At the company I work for we are developing an app for use within the company. The company consists of numerous branches across the world, all other legal entities. For testing we would like to send a tablet with pre-installed software from the Dutch branch office to the Chinese branch office.

Does the software has to be completely compliant with the open source software that is used in the application before sending it over? The reason for this question is that if it has to be compliant for this testing purpose, we would have to let a specialized company perform an OSS scan which is time consuming and costly.

  • The other branches are still part of the same company, right?
    – RubberDuck
    Commented Oct 20, 2015 at 10:29
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    Yes, however the branches are registered as different companies at the chamber of commerce with some kind of link to the main organisation (I do not understand the company structure entirely) Commented Oct 20, 2015 at 11:01
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    Do remember that better answers may come along! It's great that my answer helped you, but don't let my diamond influence your choice. Someone may well come along with something better.
    – ArtOfCode
    Commented Oct 20, 2015 at 11:29
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    Personally, I would not count this (giving the software to someone else for the agreed-upon purpose of temporary testing) as distribution even if the somewhat-branch-office were a distinct entity. The problem is however that one needs to distinguish this in a legally sound way - else we'd have "long-term crowd-based testing under real-life conditions" instead of software distribution all around. That's where the small print gets necessary ... Commented Oct 20, 2015 at 16:02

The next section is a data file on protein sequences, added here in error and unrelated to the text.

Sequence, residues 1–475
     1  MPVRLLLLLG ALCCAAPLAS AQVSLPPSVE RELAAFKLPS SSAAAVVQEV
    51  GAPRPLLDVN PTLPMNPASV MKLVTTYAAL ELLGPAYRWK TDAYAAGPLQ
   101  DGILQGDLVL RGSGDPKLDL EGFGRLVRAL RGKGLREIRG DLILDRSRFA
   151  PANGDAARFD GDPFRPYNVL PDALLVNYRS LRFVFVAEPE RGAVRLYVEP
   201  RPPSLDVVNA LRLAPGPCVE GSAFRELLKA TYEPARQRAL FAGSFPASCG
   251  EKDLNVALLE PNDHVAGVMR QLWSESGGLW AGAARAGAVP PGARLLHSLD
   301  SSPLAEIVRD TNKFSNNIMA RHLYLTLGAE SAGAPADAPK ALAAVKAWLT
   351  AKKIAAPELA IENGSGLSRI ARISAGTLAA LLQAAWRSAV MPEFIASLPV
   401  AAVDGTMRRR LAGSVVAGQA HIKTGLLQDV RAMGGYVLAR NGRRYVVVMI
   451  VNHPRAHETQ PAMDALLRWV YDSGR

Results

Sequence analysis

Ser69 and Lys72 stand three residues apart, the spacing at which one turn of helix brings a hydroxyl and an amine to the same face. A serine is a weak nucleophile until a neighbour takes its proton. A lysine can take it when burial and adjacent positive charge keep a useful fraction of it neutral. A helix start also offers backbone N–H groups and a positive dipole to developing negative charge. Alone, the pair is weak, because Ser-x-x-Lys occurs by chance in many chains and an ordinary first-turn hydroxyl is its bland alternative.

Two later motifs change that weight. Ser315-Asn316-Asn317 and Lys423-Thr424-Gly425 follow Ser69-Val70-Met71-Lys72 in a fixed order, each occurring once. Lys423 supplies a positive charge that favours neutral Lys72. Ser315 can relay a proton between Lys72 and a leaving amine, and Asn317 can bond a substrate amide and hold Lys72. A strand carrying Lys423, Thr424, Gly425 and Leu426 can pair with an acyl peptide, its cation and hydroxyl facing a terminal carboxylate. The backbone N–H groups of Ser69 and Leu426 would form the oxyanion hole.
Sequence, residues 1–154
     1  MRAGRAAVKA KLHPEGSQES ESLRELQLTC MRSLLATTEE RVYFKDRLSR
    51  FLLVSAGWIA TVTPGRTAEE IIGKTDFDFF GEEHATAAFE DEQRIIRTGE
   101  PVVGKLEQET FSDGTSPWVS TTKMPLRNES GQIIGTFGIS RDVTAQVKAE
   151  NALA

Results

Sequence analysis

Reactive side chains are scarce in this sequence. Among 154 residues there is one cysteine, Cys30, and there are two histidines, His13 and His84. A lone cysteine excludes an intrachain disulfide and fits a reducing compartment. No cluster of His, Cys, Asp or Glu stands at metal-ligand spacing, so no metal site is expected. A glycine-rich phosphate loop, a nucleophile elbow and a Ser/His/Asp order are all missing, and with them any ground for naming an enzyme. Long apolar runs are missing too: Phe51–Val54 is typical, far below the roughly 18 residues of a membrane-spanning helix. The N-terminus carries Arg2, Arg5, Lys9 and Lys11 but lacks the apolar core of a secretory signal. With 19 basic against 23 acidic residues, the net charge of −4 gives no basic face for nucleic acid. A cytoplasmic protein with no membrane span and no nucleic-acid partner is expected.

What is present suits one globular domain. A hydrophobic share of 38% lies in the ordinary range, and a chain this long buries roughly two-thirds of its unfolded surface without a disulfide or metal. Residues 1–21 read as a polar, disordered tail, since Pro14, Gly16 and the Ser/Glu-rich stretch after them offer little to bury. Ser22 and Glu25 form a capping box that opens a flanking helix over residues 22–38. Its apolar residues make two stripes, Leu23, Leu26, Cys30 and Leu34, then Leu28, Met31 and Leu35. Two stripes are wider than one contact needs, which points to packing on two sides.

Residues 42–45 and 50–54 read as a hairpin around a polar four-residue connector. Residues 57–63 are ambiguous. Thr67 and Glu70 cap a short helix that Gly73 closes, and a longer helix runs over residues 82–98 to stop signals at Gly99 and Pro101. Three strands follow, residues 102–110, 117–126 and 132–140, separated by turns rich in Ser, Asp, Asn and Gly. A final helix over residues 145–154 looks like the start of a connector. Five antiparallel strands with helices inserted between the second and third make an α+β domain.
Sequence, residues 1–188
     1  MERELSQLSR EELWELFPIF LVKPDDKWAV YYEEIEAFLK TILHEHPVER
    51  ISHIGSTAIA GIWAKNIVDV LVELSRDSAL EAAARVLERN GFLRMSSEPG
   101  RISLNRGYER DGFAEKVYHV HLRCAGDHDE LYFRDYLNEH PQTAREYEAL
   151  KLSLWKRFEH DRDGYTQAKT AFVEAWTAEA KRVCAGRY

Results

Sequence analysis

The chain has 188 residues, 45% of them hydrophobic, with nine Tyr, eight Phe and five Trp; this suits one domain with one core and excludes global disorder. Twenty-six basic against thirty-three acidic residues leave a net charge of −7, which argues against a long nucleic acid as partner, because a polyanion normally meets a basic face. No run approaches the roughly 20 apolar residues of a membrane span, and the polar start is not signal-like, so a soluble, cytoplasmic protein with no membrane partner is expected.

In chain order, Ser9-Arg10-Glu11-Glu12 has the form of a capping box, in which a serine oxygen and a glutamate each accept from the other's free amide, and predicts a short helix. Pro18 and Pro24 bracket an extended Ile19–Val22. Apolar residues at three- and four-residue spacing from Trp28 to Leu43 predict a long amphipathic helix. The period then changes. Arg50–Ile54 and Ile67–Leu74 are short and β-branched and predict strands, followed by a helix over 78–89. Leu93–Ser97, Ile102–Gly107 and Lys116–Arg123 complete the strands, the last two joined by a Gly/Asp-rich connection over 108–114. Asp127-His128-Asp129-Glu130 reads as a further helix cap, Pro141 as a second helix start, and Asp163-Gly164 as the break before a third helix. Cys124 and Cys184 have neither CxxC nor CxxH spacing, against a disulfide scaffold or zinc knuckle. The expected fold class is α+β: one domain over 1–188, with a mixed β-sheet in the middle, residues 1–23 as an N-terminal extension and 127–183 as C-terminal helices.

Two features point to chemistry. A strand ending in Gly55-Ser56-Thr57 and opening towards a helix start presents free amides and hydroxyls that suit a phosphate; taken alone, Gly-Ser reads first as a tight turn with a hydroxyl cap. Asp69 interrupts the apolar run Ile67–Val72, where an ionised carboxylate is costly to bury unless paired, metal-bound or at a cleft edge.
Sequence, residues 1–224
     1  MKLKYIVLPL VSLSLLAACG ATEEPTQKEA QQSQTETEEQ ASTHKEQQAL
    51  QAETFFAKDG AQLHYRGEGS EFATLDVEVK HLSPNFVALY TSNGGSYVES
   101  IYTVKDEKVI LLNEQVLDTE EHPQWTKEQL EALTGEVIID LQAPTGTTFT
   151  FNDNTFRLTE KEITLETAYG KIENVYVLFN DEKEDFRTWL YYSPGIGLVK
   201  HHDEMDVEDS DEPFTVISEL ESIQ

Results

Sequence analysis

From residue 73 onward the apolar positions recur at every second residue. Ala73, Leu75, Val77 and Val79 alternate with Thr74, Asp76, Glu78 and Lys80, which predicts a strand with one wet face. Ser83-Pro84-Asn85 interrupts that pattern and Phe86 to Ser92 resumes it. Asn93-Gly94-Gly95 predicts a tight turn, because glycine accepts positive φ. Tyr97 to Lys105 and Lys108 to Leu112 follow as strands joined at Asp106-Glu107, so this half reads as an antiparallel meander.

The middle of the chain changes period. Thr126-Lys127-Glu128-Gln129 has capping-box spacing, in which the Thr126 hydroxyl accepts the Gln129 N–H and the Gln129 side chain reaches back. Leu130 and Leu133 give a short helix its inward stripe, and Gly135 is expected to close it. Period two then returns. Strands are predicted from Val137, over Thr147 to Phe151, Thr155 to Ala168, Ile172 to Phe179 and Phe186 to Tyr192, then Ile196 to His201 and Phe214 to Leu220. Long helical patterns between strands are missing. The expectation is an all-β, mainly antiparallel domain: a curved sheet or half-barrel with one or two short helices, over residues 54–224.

4 Answers 4


You've found yourself a bit of a gray area. As Martijn notes, the FSF have addressed nearly this issue in their FAQ. The following is certainly true for single-entity companies:

  • You can make copies for internal use
  • You can send those copies to anyone, anywhere in the world, as long as they're part of the company
  • You can't give copies to any other entity

However, in your situation (with your company being a multi-entity organisation) it gets a little more confusing. It's debatable whether the same applies in your case, though I would hope that freedom-oriented organisations would come down on the side of freedom and letting you do it. Your best course of action is to consult someone who knows: ask the FSF or the OSI, or if you've got a legal team ask them.

  • I was afraid there was no easy answer for this problem. I'm going to get my self informed about the company structure and decide if I should let the legal team take a look at this. Thanks for your help! Commented Oct 20, 2015 at 11:31

The FSF addresses this in their FAQ, where they say that making copies for different people within an organisation does not count as "distribution":